I found that the agency had no standard operating procedures. So everything we did was brand new.
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Ms. Tenenbaum was nominated by President Obama on June 9, 2009 to serve as the ninth Chairman of the U.S. Consumer Product Safety Commission (CPSC) and was confirmed by the U.S. Senate on June 19, 2009 to a term that expires in October 2013.
When Tenenbaum arrived at CPSC, the agency was still working on projects surrounding the recall of Chinese made toys with lead paint and dangerous cribs.
The publicity surrounding these incidents led Congress to pass the Consumer Product Safety Improvement Act (CPSIA) in August 2008. The new legislation updated the 1972 law and expanded the agency's regulatory mandate.
Challenges facing Chairman Tenenbaum during her first two years in office included implementation of the CPSIA and getting the mandated rules "out," as well as working on the backlog of rules that had not yet been finalized and issued.
In addition, Tenenbaum arrived at the CPSC when imports from overseas were continuing to rise dramatically. Four out of five consumer product recalls now involve imported products.
Responding to the challenge
Chairman Tenenbaum's initial response to this set of challenges was to devote much of her time during her first year to the internal management of the organization.
"I found that the agency had no standard operating procedures. So everything we did was brand new," said Tenenbaum.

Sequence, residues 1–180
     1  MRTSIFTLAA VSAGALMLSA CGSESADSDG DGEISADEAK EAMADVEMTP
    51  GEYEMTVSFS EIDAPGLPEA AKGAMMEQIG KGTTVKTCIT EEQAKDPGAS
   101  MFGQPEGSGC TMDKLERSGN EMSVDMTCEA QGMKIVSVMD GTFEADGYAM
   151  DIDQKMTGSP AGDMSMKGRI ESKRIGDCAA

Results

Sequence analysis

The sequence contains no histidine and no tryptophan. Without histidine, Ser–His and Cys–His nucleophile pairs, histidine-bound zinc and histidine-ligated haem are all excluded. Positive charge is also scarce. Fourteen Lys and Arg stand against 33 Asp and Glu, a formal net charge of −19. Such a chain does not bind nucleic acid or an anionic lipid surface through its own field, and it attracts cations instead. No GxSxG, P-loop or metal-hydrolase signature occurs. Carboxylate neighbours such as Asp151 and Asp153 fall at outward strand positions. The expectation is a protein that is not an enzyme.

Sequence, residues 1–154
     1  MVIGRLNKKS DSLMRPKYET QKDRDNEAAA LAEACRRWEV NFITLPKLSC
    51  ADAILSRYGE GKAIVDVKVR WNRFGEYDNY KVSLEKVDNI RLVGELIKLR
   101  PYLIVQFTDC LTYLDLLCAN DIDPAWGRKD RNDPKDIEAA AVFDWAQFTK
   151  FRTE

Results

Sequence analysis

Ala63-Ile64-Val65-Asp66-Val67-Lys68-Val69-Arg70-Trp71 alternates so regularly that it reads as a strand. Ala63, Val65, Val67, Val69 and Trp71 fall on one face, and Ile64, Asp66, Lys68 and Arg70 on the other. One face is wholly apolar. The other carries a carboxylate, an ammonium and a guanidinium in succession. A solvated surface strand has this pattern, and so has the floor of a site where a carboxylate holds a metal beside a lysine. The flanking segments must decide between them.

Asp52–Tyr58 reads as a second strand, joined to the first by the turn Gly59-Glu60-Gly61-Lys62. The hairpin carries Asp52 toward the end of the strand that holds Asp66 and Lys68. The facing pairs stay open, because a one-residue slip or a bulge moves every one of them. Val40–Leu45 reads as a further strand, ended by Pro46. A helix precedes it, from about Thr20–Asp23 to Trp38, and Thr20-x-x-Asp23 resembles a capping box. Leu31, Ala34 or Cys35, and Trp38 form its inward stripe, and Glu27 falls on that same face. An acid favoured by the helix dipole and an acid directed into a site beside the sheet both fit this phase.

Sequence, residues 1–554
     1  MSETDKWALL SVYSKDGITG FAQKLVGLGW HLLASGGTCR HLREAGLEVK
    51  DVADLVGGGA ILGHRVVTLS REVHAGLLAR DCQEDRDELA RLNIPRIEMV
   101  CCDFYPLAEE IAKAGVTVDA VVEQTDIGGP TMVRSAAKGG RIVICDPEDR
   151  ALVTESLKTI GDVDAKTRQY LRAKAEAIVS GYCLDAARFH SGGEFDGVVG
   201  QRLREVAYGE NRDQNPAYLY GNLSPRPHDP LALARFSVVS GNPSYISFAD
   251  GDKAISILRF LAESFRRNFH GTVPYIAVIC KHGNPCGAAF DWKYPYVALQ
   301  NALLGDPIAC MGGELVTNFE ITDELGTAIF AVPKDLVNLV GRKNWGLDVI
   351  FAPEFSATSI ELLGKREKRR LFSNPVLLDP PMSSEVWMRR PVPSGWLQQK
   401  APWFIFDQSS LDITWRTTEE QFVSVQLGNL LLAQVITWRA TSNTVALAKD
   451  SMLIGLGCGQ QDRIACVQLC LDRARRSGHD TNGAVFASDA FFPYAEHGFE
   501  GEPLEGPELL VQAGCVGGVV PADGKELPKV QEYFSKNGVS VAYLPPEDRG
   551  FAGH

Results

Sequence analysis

She wanted to speed up the operations of the agency and to improve internal communications.
There was also a clear need to find better, more effective ways to communicate with the public. During her first year at the agency, Tenenbaum pushed for expansion of the agency's use of social media. The resulting initiative, CPSC 2.0, included the creation of an OnSafety blog, the @OnSafety Twitter, a YouTube Channel, a recall widget and a Flickr page.
She also concluded that the agency suffered from a lack of strategic direction. In response to this problem, the agency hired a consulting firm to assist in developing a five-year Strategic Plan for the agency.
In response to the increased need to focus on the safety of imported products, CPSC opened an office in Beijing and Tenenbaum visited many countries to assess production standards.
This focus resulted in an increased number of partnerships between CPSC and the Customs and Border Protection agency in the Department of Homeland Security.
Looking forward, Tenenbaum plans to focus on education and outreach work for the agency.
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